smaller number of patients. So the scale of
equipment is a challenge. You have to take
what was made in thousands of kilograms
and bring it down to say a hundred kilograms. So making PDFs requires specific
right-sized equipment. Halo has the capabilities to manufacture batches of PDFs
that typically range in scale from 5 kg to
1,000 kg, with many requiring multiple
Additionally, in nearly all cases, developing a PDF from an adult dosage form
requires additional product development
work. In many cases, it is necessary to provide the PDF in various strengths matched
to different pediatric age/weight brackets.
Also, in many cases the reformulation
requires changing the manufacturing process to turn the drug product into another
dosage form. So, for instance, an adult
tablet could turn into a mini-tablet or stick
pack, or powder in a bottle, or a solution in
a bottle for a PDF.
If you’re changing the dosage form,
that then requires having to redo your analytical methods. And in many cases the
packaging also changes to make it more
tailored towards kids.
There are also cleaning issues with
PDFs. At Halo we recently redid our cleaning validation in our Whippany, NJ, plant
because the carry over limits are different.
If you have residual drug and it goes into
the next batch and that next batch is only
5 kg versus 1,000 kg, everything changes.
Cleaning validation is a very important
part of the process.
CP: Are PDFs a global trend?
LK: Brand companies typically operate in
multiple geographic locations and juris-
dictions, so you have to have the regula-
tory approvals to make products for mul-
tiple countries and that involves not just
regulatory approvals for drug products
but also packaging and labeling opera-
tions. Because pediatric patient popula-
tions are smaller in a given geography
with the U.S. being the largest globally,
it’s still a relatively small patient popula-
tion. So to get the biggest bang for their
buck, pharma companies will apply for
the same indication in multiple coun-
tries so they can sell more of the product
across the globe. Having a plant that is
up to par with international regulatory
approvals is important. At Halo we pro-
vide specialized contract development
and manufacturing services that meet
the regulatory requirements of the U.S.,
Canada, and Europe, and are already
manufacturing PDFs for commercial sale
in these regions.
CP: Is the development and manufacture of
PDFs being outsourced for the most part?
LK: Pharma companies typically don’t
do this in-house. If you walk into a large
pharma manufacturing facility they have
these huge blenders and big packaging equipment. The plant manager never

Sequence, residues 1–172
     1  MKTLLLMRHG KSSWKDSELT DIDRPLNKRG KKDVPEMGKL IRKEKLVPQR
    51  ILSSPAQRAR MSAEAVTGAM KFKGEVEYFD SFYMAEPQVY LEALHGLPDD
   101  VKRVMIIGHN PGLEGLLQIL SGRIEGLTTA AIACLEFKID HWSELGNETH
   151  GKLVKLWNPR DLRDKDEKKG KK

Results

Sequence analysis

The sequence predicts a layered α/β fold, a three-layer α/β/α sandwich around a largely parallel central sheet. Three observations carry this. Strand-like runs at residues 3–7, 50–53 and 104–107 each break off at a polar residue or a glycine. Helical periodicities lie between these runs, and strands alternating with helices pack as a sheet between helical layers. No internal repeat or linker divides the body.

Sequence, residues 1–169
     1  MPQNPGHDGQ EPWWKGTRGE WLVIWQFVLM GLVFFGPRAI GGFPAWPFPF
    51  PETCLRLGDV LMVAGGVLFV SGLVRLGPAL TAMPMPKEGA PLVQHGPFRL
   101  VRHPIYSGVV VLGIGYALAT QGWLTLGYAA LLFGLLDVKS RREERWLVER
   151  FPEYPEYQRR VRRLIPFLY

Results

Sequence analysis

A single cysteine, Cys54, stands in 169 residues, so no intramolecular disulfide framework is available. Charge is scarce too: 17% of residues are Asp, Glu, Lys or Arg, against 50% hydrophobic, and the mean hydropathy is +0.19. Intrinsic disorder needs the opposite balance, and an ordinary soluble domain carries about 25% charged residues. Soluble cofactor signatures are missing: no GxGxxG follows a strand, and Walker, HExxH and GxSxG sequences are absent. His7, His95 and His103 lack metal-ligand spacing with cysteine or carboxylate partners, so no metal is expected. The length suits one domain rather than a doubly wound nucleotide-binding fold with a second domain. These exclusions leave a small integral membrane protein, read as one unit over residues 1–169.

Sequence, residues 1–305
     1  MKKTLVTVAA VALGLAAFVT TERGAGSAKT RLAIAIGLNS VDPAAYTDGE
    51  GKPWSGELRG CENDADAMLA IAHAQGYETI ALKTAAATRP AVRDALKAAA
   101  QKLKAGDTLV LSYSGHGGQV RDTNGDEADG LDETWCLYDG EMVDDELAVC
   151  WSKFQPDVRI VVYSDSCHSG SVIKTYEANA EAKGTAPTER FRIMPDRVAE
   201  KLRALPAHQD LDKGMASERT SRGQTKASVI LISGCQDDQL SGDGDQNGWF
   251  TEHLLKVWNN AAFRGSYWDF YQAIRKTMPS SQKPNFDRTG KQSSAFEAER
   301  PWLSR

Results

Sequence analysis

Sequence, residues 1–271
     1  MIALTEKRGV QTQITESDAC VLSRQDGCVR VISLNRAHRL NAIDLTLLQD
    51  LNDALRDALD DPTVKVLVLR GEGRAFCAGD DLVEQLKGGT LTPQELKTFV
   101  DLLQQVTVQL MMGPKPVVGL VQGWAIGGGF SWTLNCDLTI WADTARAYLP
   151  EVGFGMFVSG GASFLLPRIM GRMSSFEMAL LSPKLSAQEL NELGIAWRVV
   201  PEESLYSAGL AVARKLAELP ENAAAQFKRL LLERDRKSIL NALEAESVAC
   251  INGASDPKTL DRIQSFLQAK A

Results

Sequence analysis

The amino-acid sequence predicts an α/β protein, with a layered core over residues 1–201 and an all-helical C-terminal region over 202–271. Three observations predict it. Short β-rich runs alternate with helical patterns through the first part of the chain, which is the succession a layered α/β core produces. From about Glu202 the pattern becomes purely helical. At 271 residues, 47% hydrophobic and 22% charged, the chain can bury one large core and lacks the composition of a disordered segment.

wants to change his production line over.
He wants to make the same thing everyday. If I came in one day and said told him
he has to make this 10 kg batch, he’s got to
take everything apart and retool it. So yes,
PDFs are a heavily outsourced area.
I was telling somebody recently, pediatric products are typically smaller in
terms of the revenues that a contract manufacturing organization (CMO) sees. So
the PDF area isn’t large enough in terms of
revenues to get the largest contract service
providers out there excited about taking
on these projects.
Typically what companies have done is
they’ve gone to the smaller CMOs to do the
work. Well, many smaller CMOs typically
only produce for one market, the U.S. mar-
ket. One of the advantages we have at Halo
and one of the key attributes behind our fo-
cus on PDFs and our initiative with the Pedi-
atric Center of Excellence, is the fact that we
operate internationally independent of scale
restrictions. The smaller patient population
isn’t a problem for us and we have regula-
tory approvals in place internationally. We’re
kind of in that ideal sort of spot for pharma
companies, particularly large pharma com-
panies, to partner with.
CP: Tell me a little more about the center and
what it offers.
LK: The core fundamental formulation
and analytical support is in Whippany,
NJ. It has all the equipment and assets
there, and acts as the development center.
But both of our plants, the other being in
Montreal, can manufacture PDFs.
In addition to the reformulation and
development expertise and to-scale
manufacturing capabilities we offer, the
other thing we do is spend time advising large pharma on what to look out for
with PDFs. It’s a very specific thing. Do
I create a mini-tablet product, or granule? If I choose mini-tablets do I put two
mini-tablets in a pack or 3? If I do 3 does
that mean I’m going to have more or less
variability in the dose? Things like that.
We’ve actually gone through many of
these experiences. So a lot of times we act
as an advisor in many cases to pharma
companies because they’ve never done
it. Don’t get me wrong, they can create their own centers and do a lot of this
themselves, but it’s such a unique niche
thing that lends itself more towards outsourcing. And if you’re going to outsource,
you’re going to outsource to someone
that’s done it before. CP